Review: The Tragedy of JFK (as told by Wm. Shakespeare)

The Tragedy of JFK

Chad Brannon (center) and cast. Photos by Rick Baumgartner

The Blank Theatre opens its 26th season with a new work written and directed by founding artistic director Daniel Henning that explores one of the most controversial events in U.S. history – the assassination of President John F. Kennedy. The Tragedy of JFK (as told by Wm. Shakespeare) is the result of several decades of research during which time Henning has come to be recognized as an authority on the subject. That, combined with his other great obsession – live theatre – meant it was only a matter of time before LA audiences would see a stage play based on his work.

It isn’t the first time a political leader’s life has been cut short by opposing forces. JFK’s story bears uncanny similarities to another ruler who lived more than 2,000 years ago during the Roman Empire. Julius Caesar’s death at the hands of a group of conspirators would prompt another playwright in England – William Shakespeare – to write his own story of the machinations of men, The Tragedy of Julius Caesar, in 1599.

Though separated by thousands of years, the two men do seem eerily connected, with one important difference. The public knew who killed Caesar, but JFK? That’s a whole other ball of wax.

Although the Warren Commission, tasked with the JFK investigation, would find that Lee Harvey Oswald acted alone in gunning down the president, conspiracy theories abound. There were many who had something to gain by JFK’s death. Henning connects the dots in a way that rids the story of its misinformation and draws compelling conclusions about the events (by way of theatrical exploration) that are hard to deny.

To tell the story, he uses much of the Julius Caesar text, skillfully merging our historical characters and their Shakespearean alter egos. The cadence of the contemporary regional accents and classical verse works well together as does the straightforward tone of the piece. Henning strips away all distractions and focuses in on what is said and who is saying it. In doing so, the parallels between characters like Caesar and JFK (Ford Austin), Brutus and LBJ (Time Winters), Cassius and J. Edgar Hoover (Tony Abatemarco), or Marc Antony and Bobby Kennedy (Chad Brannon) become chillingly apparent.

Tragedy of JFK - The Blank

L-R: Time Winters, Bruce Nehlsen, and Tony Abatemarco

Abatemarco’s Hoover is a cunning creation whose resentment of JFK is obvious from the very beginning. His Machiavellian overtures come couched within an oily persona that only becomes more disgusting with every wonderfully vile speech he bites into. We love to hate him. As Lyndon Johnson, Winters presents a meticulous portrait of a man of ambition who will not be underestimated. He is a commanding presence amid the players and uses intimidation as it suits him.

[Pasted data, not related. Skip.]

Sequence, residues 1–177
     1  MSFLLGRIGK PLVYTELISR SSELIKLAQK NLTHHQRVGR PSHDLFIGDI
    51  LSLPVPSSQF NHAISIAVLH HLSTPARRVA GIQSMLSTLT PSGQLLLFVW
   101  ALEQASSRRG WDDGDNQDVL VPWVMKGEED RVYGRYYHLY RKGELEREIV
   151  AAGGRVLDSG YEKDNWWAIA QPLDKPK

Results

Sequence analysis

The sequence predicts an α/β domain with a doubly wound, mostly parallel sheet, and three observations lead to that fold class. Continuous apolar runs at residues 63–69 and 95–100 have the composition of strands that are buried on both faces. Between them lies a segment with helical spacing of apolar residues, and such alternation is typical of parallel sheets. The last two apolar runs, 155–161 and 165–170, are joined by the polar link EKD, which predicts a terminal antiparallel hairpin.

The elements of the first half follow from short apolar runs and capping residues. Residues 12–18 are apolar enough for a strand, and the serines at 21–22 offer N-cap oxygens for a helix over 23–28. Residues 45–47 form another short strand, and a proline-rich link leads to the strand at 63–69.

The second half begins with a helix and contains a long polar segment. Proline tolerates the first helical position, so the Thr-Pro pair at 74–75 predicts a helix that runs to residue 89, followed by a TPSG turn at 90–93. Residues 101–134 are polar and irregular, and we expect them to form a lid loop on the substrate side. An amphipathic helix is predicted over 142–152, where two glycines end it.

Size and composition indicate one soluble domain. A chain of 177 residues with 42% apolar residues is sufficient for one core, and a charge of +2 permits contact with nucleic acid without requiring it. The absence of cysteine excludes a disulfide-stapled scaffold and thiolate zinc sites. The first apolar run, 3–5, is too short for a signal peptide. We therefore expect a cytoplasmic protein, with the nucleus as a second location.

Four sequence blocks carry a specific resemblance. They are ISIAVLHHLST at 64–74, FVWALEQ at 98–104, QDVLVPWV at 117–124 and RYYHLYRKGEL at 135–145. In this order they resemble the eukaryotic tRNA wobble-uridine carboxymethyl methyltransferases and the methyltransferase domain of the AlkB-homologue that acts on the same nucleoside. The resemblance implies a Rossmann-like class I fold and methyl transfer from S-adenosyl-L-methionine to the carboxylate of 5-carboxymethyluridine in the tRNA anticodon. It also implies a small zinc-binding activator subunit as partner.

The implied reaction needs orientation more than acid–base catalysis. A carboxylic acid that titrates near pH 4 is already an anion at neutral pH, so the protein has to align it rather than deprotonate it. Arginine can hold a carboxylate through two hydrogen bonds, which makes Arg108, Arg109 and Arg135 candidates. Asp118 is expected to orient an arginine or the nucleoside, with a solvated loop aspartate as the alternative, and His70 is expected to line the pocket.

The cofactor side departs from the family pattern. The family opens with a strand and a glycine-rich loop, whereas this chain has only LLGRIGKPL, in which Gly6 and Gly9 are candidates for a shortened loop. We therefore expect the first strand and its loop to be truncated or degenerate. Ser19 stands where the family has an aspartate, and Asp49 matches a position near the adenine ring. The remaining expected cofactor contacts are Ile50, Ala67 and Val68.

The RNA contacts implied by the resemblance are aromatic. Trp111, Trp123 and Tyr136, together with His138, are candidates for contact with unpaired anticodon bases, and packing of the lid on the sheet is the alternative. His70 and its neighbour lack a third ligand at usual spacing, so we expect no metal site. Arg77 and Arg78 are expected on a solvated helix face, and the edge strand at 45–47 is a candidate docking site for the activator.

Austin captures JFK’s effortless charm in passages like the “I will not come” dialogue after Jackie (Casey McKinnon) warns him not to go forth today (the same warning Shakespeare’s Calpernia gives Caesar before he is assassinated at the Senate). McKinnon is a gentle Jackie, full of grace, with a stunning resemblance to the first lady. Brannon’s two best moments, the “Cry havoc” speech and his “I come to bury Caesar” diatribe full of thinly-veiled malice, resonate deeply.

The Tragedy of JFK

Casey McKinnon and Ford Austin

The entire cast is equally as skilled, with additional notable performances from Susan Denaker as Lady Bird Johnson and Brett Collier as Martin Luther King, Jr.

The timeline of the play covers the events leading up to the assassination and the fallout that follows it, reaching its climax during a powerful scene recreating Dr. King’s march from Selma to Montgomery, Alabama. A lyric revision turns the civil rights anthem “Ain’t Gonna Let Nobody Turn Me Around” into an emotional high point creating a kind of false ending before the play moves on to LBJ’s presidency, his decision not to run for re-election in 1968, and the events at the Ambassador Hotel that same year when Bobby Kennedy would be shot.

An uncomplicated technical design benefits the production by keeping the audience’s attention riveted on the characters. Historical footage projected on the set is the lone obvious enhancement that introduces theatricality to the overall effect. It’s beautifully done.

The Tragedy of JFK presents a compelling explanation for one of the most horrific events in U.S. history and Henning’s production contains some of the finest work you’ll see on a stage in LA. This is an exceptional cast telling an extraordinary story and one of the best nights of theatre you’ll see in 2016.

THE TRAGEDY OF JFK (As Told By Wm. Shakespeare)
October 1 – November 6, 2016 (Extended through Nov 20)
The Blank Theatre at The Skylight Theatre
1816½ N. Vermont
Los Angeles, CA 90027
Tickets: www.theblank.com

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